How lecturers are using video for more than lecture capture
From teachers who have taught asynchronously with pre-recorded lectures, to those that have livestreamed their classes, and a large number who chose a hybrid model, everyone found a way to teach online this year. Read below for examples of how lecturers use video with Echo360 to support learning.
Using video for email and five minute summaries
“Like probably 90% of professors in the world, we’re trying to figure out how we’re going to teach fully online. And the first gut reaction is to make videos for your students.”
Colin Montpetit University of Ontario
During the peak of the pandemic in Melbourne Victoria, Robyn Delbridge made daily video messages for students studying Dietetics at Swinburne University. As Acting Discipline Lead, she felt it was a really important way to communicate critical information while reassuring students that lecturers were still there for them.
Dietetics at Swinburne University is in its second year and as Robyn was preparing to create the annual newsletter she realised that the comfort everyone was now feeling with video made it the perfect tool to sum up 2020. Robyn wanted a video that represented the kind of resource that was being created every week while teaching online; not too polished. The newsletter features work from Swinburne lecturers and students as well as their organisational partners and has been designed to communicate the warmth and enthusiasm as well as, to quote Robyn directly, ‘the bonkers year we’ve had.’
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Dr Marina Ciccarelli
Frontloading learning with video
Dr Ciccarelli chunks her lessons into 10-15 minute video segments so that students can watch before they come to class. She finds this not only makes them more prepared, it frees her up to use the time for practical activities and application.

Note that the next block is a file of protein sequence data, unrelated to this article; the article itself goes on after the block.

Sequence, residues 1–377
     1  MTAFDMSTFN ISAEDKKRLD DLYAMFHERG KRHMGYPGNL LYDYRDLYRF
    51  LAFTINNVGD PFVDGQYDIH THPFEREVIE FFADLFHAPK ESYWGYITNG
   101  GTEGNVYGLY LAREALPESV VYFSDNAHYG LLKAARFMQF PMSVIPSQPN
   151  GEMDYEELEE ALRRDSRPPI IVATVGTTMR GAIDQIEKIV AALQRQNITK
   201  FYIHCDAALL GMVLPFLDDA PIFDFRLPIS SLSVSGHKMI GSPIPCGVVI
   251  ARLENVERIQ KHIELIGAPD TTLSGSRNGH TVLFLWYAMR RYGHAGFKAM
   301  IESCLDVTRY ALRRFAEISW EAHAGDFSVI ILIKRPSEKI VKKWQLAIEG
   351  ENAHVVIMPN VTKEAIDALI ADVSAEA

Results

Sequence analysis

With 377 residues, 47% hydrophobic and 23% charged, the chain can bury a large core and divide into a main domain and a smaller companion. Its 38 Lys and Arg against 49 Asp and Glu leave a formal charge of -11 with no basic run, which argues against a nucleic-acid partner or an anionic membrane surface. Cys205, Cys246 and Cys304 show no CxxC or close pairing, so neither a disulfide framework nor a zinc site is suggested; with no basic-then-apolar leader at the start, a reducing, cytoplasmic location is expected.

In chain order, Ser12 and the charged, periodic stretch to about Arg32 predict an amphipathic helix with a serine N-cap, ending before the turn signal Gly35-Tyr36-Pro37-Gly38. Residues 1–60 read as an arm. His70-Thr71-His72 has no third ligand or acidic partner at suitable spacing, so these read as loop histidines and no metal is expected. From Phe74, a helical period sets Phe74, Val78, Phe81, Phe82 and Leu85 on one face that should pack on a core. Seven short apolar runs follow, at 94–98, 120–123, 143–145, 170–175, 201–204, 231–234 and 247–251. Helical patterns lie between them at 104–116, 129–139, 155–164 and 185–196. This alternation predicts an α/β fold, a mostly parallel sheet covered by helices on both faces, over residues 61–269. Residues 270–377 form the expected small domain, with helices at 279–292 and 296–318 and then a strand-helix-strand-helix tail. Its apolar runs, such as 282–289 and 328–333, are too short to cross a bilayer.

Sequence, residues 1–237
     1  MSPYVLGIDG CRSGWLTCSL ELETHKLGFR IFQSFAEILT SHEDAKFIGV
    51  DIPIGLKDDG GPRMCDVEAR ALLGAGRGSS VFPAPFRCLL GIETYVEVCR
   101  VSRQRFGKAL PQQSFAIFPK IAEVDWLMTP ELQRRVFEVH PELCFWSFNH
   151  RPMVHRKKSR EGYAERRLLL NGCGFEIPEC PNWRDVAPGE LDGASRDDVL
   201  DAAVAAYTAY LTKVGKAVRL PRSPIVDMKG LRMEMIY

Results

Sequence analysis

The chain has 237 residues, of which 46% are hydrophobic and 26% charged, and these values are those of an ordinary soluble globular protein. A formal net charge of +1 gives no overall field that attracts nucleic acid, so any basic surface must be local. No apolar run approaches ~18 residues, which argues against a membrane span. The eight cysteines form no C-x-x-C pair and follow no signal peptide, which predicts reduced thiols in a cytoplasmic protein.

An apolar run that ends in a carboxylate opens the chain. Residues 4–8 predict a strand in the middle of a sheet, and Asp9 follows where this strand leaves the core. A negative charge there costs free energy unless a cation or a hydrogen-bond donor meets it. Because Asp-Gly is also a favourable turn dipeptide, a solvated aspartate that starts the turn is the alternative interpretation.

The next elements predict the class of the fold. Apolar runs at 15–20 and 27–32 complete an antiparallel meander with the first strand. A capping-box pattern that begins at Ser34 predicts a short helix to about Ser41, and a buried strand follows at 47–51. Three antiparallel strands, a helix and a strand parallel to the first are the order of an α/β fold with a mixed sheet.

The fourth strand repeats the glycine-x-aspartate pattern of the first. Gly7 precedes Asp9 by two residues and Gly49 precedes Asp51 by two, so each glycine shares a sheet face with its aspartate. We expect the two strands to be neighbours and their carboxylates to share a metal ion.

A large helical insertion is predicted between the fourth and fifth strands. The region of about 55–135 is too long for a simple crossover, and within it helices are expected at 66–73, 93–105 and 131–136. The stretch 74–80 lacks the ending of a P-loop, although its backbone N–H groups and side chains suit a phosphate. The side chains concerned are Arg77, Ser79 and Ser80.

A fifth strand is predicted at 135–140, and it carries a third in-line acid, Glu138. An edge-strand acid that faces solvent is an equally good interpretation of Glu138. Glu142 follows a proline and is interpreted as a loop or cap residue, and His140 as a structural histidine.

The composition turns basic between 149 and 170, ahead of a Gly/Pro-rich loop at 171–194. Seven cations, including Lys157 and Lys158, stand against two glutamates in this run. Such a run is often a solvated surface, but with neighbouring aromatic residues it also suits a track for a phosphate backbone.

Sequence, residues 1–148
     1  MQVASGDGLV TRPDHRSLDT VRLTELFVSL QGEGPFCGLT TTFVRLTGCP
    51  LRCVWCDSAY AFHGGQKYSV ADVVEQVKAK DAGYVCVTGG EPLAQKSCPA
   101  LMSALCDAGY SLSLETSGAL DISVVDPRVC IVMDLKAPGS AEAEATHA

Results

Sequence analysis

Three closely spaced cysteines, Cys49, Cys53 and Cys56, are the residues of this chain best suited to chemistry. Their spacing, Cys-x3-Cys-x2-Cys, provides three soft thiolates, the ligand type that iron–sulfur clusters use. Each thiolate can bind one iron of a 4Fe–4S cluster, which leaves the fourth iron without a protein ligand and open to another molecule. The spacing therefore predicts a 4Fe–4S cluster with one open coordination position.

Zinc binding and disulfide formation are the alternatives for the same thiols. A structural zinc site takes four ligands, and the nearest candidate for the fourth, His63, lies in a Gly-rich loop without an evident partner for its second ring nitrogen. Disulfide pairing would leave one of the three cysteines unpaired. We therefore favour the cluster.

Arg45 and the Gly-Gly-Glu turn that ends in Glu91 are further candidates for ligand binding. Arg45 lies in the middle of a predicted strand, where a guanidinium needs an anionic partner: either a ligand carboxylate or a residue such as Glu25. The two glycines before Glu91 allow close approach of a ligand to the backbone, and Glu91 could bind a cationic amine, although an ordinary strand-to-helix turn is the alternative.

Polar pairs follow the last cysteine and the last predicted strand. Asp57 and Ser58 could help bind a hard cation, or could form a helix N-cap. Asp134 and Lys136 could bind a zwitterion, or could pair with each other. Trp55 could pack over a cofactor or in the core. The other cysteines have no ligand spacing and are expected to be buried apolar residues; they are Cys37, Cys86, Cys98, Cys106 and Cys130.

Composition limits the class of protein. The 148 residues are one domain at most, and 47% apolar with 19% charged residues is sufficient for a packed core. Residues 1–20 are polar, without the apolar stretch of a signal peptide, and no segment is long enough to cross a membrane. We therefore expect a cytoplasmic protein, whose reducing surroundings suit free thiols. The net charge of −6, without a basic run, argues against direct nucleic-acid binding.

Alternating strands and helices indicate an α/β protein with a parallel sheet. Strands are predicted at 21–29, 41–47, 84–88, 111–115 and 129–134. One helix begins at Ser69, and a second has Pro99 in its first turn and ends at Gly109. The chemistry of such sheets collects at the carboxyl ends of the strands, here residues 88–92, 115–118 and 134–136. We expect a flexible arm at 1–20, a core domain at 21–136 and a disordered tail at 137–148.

Using video for demonstration and reassurance
A small team of lecturers from the University of Tasmania used a grant offered by the university to create a sequence of video resources for their colleagues to demonstrate how they use mobile technology for student assessment.
While three of the four lecturers involved discuss student created media, Mr Richard Say who lectures in Nursing, created demonstration videos for students of a clinical assessment called an OCSE. The video provides both an exemplar of the skills that were to be assessed and to reduce the anxiety of students who often spent more time worrying about what the assessment entailed than studying the content.
During her webinar on using embedded polling Meret Burke from Wilkes Community College caught my ear when she explained how she uses video to record feedback on English papers. She can convey so much more information for the entire class on how students can improve English papers by using video alongside the individual written feedback.
Making media interactive
Unlike creating their own videos, watching videos can be a passive activity for students. Any of the video examples above can now be made interactive using Echo360’s new polling in video feature. Once created the media is reusable and as with all Echo360’s video, offers analytics that enable teachers to view at a glance how students are faring.
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What customers think about interactive media
Video alone can be very passive, and one of our most requested features has been the ability to prompt interaction from our learners while watching these videos. At Unitec, we are excited about Echo360’s interactive media as it gives students the incentive to interact with content before they come to class, test their understanding and gain feedback, preparing them for an engaging classroom experience.
Digital Learning Lead, Unitec Institute of Technology, NZ
The embedded polling in Echo360 and the associated analytics allows me to effectively monitor comprehension throughout the asynchronous sessions, while a final poll can be useful to evaluate comprehension and retention at a synoptic level . We can’t spend as much time with students in our synchronous online teaching as we do in class, so being able to emulate some of the effective teaching strategies I’ve used in the past in the asynchronous content is incredibly useful.